All dictonaries use the word "omnipotent" to describe God. Omnipotence is supernatural (i.e not natural).
Fascinating that you should think so, since I’ve just cited both Oxford and Cambridge, and neither of them use the term. Your beliefs do seem to be unrelated to either logic or evidence.
The list you gave of those who believed Jesus was the son of God came from tendentious scribes 100s of years after the crucifixion (I'm referring to when the bible was codified, I.e when events were embellished, invented or deleted, etc.) See Eusebius, Emperor Constantine's spin doctor, for example.
The books of the New Testament were probably all completed by 125 AD. We have a partial manuscript of John’s Gospel from that time, and there are reasons to believe John’s was the last gospel to be written. Mark, for example, seems to know nothing of the destruction of Jerusalem, which means that gospel almost certainly arrived at its present form before 79 AD. However, the books of the NT were not officially accepted as canonical until 393 AD.
You may well protest the weakness of our sources. But it is quite unrealistic to expect we would have anything better regarding the status of a given idea between 30 and 60 AD.
I might have misspoke re the Arians. However, my point remains valid: the status of Jesus Christ was vociferously debated before the bible was codified.
Your claim was that the early Christians thought of Jesus as man, not God. Nobody seems to have twigged to this possibility.
What are you talking about "religion is way ahead of me" when I said there was no heaven or hell, that eternal existence was a birthright to every living thing? Most Christians believe heaven and hell are real.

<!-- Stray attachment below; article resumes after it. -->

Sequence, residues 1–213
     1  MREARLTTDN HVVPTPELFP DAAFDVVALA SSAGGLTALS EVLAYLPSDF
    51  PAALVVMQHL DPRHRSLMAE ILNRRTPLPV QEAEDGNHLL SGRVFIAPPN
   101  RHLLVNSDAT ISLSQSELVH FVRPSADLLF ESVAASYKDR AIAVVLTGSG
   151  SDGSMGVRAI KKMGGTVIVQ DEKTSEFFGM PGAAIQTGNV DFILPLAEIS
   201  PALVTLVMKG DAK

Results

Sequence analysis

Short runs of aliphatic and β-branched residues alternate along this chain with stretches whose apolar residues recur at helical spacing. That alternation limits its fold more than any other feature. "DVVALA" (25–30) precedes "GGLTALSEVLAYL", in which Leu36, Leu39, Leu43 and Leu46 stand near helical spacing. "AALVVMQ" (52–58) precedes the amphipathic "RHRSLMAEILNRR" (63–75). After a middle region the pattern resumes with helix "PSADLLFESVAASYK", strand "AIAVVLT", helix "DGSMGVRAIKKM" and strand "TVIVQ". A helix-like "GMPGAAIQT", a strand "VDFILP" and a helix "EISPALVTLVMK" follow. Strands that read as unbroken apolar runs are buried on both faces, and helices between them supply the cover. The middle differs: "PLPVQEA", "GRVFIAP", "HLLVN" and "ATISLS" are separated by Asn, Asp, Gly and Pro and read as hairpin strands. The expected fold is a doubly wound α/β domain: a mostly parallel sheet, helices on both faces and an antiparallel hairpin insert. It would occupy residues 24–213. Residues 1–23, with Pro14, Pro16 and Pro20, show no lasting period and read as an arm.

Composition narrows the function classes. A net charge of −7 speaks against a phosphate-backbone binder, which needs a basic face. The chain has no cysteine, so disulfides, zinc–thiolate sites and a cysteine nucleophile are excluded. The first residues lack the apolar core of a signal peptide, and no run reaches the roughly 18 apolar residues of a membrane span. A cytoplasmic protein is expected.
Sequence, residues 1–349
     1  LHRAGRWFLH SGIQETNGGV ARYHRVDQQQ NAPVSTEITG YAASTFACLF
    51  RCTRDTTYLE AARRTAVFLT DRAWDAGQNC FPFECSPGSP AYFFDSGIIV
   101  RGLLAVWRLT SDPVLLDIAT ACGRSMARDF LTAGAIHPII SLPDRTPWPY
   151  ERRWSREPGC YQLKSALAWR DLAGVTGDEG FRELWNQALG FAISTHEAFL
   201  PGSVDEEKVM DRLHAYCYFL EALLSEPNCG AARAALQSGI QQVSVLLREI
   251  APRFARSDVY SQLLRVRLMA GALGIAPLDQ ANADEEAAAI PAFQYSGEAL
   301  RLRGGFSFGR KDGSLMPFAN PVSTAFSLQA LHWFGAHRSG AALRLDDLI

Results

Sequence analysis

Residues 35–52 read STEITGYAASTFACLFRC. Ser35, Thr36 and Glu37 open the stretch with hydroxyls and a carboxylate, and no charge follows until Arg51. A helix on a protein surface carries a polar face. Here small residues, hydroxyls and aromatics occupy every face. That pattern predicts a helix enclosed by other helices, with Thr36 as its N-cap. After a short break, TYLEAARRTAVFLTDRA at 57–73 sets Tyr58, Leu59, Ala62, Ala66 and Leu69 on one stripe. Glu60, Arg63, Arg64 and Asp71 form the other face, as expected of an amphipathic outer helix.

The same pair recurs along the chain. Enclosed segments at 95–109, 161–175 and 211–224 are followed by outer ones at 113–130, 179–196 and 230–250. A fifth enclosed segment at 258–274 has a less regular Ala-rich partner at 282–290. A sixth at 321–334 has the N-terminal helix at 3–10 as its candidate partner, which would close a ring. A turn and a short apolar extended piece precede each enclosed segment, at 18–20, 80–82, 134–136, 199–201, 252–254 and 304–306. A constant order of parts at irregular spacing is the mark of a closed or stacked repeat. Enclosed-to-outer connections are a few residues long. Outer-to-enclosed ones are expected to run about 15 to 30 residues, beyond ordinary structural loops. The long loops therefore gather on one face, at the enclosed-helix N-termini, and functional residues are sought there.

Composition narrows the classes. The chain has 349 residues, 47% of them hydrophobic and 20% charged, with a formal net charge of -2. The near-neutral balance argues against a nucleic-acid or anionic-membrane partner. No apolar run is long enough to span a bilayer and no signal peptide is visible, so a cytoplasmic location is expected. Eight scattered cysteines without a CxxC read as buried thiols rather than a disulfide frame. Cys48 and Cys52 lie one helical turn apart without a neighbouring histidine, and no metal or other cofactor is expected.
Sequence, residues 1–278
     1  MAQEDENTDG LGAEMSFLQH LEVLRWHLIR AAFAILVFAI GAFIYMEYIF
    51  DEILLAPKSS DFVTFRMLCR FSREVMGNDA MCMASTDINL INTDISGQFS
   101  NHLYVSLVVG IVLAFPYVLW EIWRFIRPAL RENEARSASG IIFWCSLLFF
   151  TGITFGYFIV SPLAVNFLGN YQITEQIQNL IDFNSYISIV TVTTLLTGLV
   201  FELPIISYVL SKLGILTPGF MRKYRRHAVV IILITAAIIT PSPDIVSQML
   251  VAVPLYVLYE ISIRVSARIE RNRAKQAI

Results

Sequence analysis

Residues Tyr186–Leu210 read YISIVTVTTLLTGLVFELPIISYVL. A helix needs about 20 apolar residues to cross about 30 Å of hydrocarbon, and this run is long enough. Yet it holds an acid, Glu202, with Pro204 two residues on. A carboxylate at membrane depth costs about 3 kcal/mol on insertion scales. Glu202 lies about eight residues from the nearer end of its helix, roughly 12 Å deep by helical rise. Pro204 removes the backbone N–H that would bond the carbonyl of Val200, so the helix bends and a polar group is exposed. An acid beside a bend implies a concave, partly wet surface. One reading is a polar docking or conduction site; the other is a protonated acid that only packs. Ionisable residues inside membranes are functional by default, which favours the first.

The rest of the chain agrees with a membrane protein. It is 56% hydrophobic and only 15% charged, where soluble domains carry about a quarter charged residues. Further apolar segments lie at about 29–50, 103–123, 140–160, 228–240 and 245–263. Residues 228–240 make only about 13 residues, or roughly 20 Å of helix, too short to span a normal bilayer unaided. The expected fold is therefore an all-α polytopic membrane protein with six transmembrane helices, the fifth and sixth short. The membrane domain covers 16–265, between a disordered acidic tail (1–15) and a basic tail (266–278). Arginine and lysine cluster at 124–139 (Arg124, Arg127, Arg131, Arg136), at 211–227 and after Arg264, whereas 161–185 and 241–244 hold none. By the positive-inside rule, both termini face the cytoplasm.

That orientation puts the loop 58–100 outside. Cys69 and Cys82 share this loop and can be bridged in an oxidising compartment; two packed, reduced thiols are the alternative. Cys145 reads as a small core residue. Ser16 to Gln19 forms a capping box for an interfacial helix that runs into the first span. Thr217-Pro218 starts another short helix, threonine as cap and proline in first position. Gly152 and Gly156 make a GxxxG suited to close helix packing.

No, what you said was “Imagine when people realize death is not the end of existence regardless if they believe in a god or not.”
It seems I take better heed of what you write than you do. Should I?
Re the soul: something that is nowhere does not exist. I say some "thing," not an idea or concept. The soul is a thing, something that floats around (supposedly).
Whoah! Several weirdnesses here. Souls do not “float around”: you are perhaps thinking of clouds or chicken feathers. To say that something that is nowhere does not exist is to arbitrarily define only physical things as existing. The distinction between a “thing” and an idea or concept is also unique to you: what do you suppose it can mean, then, when we say “He always says the first thing that comes into his head”?
If you insist that only physical things can be “things,” then your problem is probably very simply solved by understanding that, by this arbitrary definition, a soul is not a “thing.”
Those who recover abilities after a brain injury are using other neurons to replace those that are damaged. No soul reqired.
If it isn’t the soul using those other neurons, who or what is doing it?
Re JP2: You're being obstinate re the Pope's apology. The title of the article is, "Roman Catholics seeking forgiveness for 2000 years of sin and weakness," Reuters and AFP, Vatican City. The article quotes the Pope directly. You seem to think you know more than Reuters.
When I saw your title, above, I thought the problem might be that you had been referring all along not to the Church’s statement on the Holocaust, which came out in 1998, but to the Church’s call for reconciliation on the eve of the Millennium, a more general document, in 2000. After all, the Holocaust did not last 2,000 years.
But still no.
Here is the part of that latter statement that refers to the Jews:
IV. CONFESSION OF SINS AGAINST THE PEOPLE OF ISRAEL
A representative of the Roman Curia:
Let us pray that, in recalling the sufferings
endured by the people of Israel throughout history,
Christians will acknowledge the sins
committed by not a few of their number
against the people of the Covenant and the blessings,
and in this way will purify their hearts.
The Holy Father:
God of our fathers,
you chose Abraham and his descendants
to bring your Name to the Nations:
we are deeply saddened by the behaviour of those
who in the course of history
have caused these children of yours to suffer,
and asking your forgiveness we wish to commit ourselves
to genuine brotherhood
with the people of the Covenant.
We ask this through Christ our Lord.